In case you’re wondering where I’ve been, I spent most of the past two weeks working on an opera libretto (about which more later) and writing the concluing chapters of my latest book, Rhythm Man: A Life of Louis Armstrong, which is now finished (you can read all about it here).
My world has thus been far more narrowly circumscribed than usual, and so it was a relief to read about something completely different the other day, the something in question being the life and music of Sir Edward Elgar, one of my favorite composers.
When I last wrote about Elgar for COMMENTARY four years ago, I speculated that a revival of his music might be in the offing:
My own guess is that Elgar awaits a generation of charismatic young performers who will do for him what Leonard Bernstein did for Mahler in the 60′s. It has long seemed to me that his best music is ripe for revival, not least because of its individuality. “I hold nothing back,” he said, and it was the truth. All that he thought and felt went into his compositions, which are so unguarded at times as to make the reticent listener squirm.
Alas, it hasn’t happened yet, though Hilary Hahn, the most gifted and satisfying young violinist to come along in years, did release a remarkable recording of Elgar’s B Minor Violin Concerto later that year (DGG B0003026-02GM) and play the piece in concert with the New York Philharmonic. I heard her performance and wrote that it was “so beautiful that I expect to remember it as long as I live.” One recording does not a revival make, but it doesn’t hurt, either, and neither did the publication that same year of The Life of Elgar (Cambridge, $26 paper), a penetrating brief life by Michael Kennedy that is the best short discussion of Elgar that has been published to date.
While I don’t expect to see Kennedy’s book bettered any time soon, Elgar was big enough, both as an artist and as a man, to profit from being viewed from multiple perspectives. Elgar: An Anniversary Portrait (Continuum, $33), a collection of essays edited by Nicholas Kenyon, offers several different and provocative points of view from which to consider Elgar’s achievement. I was especially pleased that Kenyon invited a number of performers to contribute to the book. It is always valuable to hear from working musicians about the works they perform, and Tasmin Little’s essay about the Elgar Violin Concerto, in which she talks about what it feels like to play that exceedingly English piece with a foreign orchestra and conductor, is highly instructive. So, too, is Stephen Hough’s thoughtful essay on the composer’s Catholicism, in which he discusses how The Dream of Gerontius, Elgar’s dramatic oratorio after the poem by Cardinal Newman, alienated those who heard its first performance at the Birmingham Festival in 1900: “England was a deeply Protestant country, and such a subject choice would be a little like selecting a Talmudic text for an Islamic festival commission.”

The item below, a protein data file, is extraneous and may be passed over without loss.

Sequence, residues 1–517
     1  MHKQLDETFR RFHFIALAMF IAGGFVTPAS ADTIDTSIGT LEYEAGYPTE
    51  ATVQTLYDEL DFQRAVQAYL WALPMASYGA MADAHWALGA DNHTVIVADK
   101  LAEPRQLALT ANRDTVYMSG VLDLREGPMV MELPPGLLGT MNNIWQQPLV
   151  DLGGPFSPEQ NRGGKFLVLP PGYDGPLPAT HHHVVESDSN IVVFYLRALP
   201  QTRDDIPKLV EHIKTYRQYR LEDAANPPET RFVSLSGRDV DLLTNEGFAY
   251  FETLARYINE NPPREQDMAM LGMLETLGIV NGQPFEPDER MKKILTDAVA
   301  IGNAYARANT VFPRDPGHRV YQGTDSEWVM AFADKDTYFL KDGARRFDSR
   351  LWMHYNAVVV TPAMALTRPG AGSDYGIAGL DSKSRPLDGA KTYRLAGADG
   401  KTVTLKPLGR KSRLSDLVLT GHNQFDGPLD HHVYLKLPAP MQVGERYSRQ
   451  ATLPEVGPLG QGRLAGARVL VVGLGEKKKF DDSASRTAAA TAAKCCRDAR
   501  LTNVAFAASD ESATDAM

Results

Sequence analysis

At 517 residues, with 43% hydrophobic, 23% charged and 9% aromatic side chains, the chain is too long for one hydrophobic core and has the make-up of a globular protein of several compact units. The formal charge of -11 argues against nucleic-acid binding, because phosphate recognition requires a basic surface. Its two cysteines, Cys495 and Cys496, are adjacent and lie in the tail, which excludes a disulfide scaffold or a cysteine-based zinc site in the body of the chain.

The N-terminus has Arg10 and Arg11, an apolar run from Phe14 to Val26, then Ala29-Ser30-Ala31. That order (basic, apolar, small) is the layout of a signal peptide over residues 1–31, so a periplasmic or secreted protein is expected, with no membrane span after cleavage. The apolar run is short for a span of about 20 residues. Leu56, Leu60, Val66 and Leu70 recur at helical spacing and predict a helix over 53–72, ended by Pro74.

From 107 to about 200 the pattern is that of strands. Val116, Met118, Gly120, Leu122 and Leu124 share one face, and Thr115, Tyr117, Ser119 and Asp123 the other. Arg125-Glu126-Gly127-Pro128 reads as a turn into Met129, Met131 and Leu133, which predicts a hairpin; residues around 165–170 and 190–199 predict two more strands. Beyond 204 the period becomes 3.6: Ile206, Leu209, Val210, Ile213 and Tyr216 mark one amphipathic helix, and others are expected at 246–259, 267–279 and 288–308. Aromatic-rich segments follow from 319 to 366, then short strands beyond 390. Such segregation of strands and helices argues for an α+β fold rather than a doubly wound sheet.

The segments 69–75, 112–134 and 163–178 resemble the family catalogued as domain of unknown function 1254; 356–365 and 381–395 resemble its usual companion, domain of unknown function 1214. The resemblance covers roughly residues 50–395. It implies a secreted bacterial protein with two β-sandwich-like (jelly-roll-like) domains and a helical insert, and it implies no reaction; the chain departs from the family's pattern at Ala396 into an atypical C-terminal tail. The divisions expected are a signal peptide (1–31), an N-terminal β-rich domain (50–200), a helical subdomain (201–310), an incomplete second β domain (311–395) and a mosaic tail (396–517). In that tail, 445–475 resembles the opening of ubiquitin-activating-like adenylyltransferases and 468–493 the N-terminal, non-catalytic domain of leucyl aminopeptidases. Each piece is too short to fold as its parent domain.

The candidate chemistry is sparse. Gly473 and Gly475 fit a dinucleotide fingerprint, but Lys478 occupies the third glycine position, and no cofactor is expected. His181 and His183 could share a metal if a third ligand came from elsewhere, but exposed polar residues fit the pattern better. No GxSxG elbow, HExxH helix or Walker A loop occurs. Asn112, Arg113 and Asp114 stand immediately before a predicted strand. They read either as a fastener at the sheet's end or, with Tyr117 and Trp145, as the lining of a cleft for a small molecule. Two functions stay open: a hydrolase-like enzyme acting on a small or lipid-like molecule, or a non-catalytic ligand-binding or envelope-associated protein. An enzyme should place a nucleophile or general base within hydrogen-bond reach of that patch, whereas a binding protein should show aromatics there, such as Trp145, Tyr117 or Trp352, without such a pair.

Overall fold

When the critics and scholars speak in Elgar: An Anniversary Portrait, it is to no less valuable effect. Best of all is David Cannadine’s “Orchestrating His Own Life: Sir Edward Elgar as a Historical Personality,” which takes a hard-nosed view of Elgar’s relationship with the British ruling class, with which he claimed, not unconvincingly, to be at odds:
This was the man who married for money (one hundred pounds a year) and status at least as much as for love and reassurance; who sought and cultivated aristocratic and plutocratic friends to promote his music and his cause; who did all he could to ingratiate himself at the courts of Queen Victoria, King Edward VII and King George V; who never refused an honour and who was disappointed not to receive more of them; and who hoped “some day to do a great work-a sort of national thing that my fellow Englishmen might take to themselves and love.”
The only essay in Elgar: An Anniversary Portrait that disappointed me was Yehudi Menuhin’s reminiscence of the composer, which is full of his usual vaporous blather. Otherwise the book is a gem, smart and concise and entirely to the point.